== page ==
Get Your Laughing Tackle Around this
I hated school and school hated me. These were not the best days of my life. Schools were always housed in crumbling old buildings with long dimly-lit corridors and claustrophobic, paint peeling, detergent-smelling rooms. Even one was housed in a partly-demolished, bombed-out sandstone edifice with a group of prefabricated boxes next to it. There was a cupboard near the headmaster’s office that contained gas masks – one for every child in case war should suddenly break out again. The air raid siren high above the village would occasionally go off. Was this just to see if we were awake, or the action of an ex-home Guard who couldn’t let go of the past?
One day I handed in a story I had written. This was, I believed, the best essay I had ever written; and this would be reflected by my achieving a top mark with a gold star licked and placed at the top of the page. I sat there waiting the return of my exercise book. At last it was dropped in front of me, and I quickly turned the pages. Six out of ten. “Good effort.” I sat there close to tears wondering what I needed to do to do better.
One boy was asked to stand and read his essay to the class. It was sickening with its flowery language describing a walk in the woods, “the light dappled the ground beneath the branches”, and the teacher praised his use of descriptive language that allowed the reader to visualize the scene and place themselves in the wood on that sunny day.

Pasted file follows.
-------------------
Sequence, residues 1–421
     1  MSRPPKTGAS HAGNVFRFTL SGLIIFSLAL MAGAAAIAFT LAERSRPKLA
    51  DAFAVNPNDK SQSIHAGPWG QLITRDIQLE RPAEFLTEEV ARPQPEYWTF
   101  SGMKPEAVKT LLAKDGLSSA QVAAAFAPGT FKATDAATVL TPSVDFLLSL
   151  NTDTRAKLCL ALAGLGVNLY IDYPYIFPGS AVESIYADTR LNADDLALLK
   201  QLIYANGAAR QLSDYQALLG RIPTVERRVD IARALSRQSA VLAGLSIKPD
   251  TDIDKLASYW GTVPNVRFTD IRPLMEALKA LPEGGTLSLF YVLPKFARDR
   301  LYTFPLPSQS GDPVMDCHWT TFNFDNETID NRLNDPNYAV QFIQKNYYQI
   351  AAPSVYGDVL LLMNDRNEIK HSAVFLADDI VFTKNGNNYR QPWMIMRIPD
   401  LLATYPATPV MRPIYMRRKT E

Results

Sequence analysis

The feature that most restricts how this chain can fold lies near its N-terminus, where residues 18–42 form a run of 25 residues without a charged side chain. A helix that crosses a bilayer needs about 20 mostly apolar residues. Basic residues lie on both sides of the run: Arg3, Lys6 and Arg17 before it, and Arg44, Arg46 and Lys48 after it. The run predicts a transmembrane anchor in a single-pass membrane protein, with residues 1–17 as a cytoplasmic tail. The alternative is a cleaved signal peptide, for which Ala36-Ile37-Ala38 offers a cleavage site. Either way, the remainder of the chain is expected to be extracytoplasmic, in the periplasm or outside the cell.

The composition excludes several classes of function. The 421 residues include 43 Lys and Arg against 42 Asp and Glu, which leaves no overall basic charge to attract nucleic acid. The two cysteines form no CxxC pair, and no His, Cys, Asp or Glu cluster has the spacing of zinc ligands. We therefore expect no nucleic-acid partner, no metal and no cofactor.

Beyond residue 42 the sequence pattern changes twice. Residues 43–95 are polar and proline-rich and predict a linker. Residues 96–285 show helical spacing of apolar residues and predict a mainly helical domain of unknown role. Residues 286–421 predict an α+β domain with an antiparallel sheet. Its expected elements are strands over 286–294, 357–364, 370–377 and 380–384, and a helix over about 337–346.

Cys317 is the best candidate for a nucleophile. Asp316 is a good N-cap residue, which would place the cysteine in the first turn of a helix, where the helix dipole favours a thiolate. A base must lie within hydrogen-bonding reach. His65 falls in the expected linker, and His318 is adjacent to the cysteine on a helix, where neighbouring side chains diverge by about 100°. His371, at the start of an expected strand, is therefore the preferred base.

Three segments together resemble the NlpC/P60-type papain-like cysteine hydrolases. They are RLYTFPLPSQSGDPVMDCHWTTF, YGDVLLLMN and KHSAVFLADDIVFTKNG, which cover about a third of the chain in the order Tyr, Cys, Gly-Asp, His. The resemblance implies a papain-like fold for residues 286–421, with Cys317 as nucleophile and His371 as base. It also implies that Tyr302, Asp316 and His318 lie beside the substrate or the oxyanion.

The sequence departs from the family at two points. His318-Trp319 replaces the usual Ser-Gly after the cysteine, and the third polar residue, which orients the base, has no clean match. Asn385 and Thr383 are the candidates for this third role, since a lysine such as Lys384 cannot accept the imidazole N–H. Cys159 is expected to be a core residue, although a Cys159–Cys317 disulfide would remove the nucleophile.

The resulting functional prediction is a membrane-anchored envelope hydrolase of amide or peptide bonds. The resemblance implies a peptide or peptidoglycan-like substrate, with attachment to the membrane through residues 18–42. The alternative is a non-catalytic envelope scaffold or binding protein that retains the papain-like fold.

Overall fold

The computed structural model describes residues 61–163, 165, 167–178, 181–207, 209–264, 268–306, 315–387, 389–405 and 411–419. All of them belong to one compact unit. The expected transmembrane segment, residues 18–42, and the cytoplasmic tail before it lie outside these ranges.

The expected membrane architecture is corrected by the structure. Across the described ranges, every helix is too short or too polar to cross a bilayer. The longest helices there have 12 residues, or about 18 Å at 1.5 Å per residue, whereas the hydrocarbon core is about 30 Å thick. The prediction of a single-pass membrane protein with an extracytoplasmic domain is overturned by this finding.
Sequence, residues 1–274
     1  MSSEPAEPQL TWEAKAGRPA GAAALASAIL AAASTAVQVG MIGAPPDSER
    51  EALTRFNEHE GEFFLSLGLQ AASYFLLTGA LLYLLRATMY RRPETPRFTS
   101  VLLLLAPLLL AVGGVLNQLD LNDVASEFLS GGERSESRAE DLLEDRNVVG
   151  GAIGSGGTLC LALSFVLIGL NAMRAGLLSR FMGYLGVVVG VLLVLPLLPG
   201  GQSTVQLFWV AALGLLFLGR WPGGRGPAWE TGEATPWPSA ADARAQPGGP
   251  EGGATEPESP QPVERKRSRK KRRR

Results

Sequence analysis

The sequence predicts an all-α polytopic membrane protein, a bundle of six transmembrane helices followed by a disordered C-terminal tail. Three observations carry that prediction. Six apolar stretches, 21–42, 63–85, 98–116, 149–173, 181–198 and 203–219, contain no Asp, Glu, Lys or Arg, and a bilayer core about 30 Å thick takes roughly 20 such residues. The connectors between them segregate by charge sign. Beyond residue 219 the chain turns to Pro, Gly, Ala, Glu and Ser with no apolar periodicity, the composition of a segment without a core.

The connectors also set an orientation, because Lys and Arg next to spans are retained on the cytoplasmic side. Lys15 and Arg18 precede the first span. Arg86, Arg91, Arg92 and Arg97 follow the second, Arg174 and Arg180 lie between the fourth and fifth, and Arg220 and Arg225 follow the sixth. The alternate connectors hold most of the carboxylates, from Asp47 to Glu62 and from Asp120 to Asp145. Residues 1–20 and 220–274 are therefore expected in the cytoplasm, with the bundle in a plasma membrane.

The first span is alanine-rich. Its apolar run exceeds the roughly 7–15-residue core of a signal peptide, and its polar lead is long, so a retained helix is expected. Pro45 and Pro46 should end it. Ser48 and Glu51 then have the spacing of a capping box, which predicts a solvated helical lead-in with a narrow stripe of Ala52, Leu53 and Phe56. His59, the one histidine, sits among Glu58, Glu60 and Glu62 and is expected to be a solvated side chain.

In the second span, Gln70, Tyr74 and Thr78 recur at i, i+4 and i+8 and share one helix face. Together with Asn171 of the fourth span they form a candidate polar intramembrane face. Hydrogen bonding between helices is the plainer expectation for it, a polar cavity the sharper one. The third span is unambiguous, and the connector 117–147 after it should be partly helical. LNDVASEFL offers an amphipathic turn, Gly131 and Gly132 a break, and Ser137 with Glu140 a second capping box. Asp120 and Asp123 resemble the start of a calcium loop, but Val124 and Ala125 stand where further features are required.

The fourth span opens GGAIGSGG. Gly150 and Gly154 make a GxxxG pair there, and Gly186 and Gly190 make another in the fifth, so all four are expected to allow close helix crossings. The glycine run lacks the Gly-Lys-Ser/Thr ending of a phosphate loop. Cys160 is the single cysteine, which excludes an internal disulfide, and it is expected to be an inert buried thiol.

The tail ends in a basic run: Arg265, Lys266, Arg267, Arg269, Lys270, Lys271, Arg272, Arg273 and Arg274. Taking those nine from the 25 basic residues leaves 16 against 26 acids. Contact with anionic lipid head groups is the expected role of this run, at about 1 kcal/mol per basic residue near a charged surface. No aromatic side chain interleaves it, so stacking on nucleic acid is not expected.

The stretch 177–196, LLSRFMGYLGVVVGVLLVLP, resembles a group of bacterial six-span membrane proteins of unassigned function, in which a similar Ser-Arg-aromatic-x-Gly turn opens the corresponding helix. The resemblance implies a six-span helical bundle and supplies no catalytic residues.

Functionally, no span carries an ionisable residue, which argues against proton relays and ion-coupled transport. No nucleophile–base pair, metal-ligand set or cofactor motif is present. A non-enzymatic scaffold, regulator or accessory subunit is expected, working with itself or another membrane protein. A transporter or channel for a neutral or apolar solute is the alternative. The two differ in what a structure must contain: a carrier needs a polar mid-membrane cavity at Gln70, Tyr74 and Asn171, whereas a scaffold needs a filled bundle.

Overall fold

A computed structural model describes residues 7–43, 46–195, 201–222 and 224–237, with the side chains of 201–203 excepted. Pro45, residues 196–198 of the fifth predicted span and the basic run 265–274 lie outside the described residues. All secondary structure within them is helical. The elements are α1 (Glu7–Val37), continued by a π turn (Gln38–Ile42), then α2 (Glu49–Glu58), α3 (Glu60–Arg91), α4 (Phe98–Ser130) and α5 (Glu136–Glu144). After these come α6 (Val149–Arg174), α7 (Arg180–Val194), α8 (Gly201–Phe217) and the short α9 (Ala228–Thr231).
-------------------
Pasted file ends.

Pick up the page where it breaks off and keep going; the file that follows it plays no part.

My parents, realizing that I was in the words of one teacher, “unable to apply myself”, took me out of school, as they had on several occasions done with many other schools, and placed me in a boarding school. They believed I would benefit from the more structured and disciplined environment.
I still wanted to write, so I bought a large exercise book at the school shop and started to write stories in it. I never had any intention of showing them to anyone. I kept it in the locker beside my bed in the dormitory and would occasionally either read what I had written or would quickly add a few lines before lights out.
One night I opened my locker and to my great horror discovered that the book was gone. I searched amongst the jumpers, socks, and other assorted clothing and even got out of bed and dragged the locker away from the wall to look behind it. There was no sign of the book!
I lay in bed with the covers over my head and wondered who had taken it. Who was reading it? Who, as I lay there trying not to cry, was laughing at my poor attempts?
“What are you hiding from?” asked Terry, my best friend.
I told him my book was gone and asked if he could find it. He promised to see what he could do.
Looking at the others as I ate lumpy porridge the next morning, I wondered if one of them had my book. By suppertime, I was frantic. Having already pestered Terry on several occasions, I asked everyone at the table. They all looked at me blankly. That evening, I read a book of Dylan Thomas poems.
The shade of their trees was a word of many shades,
And a lamp of lightning for the poor in the dark, Now my saying shall be my undoing. Terry walked in with my book in his hand. I grabbed it and asked, “Who took it?” “I did.” The next afternoon I walked up onto the moors and sat on a large rock beside a ravine. I took the book from my pocket and tore out page after page, crumpling and piling them in front of me. I struck a match and, carefully shielding the flame from the wind, I set fire to my words. I watched the red-tinged embers float off into the heather, then stood, brushed the green moss from my pants, and walked back to school for supper.
I will paint tomorrow. A ravine at sunset.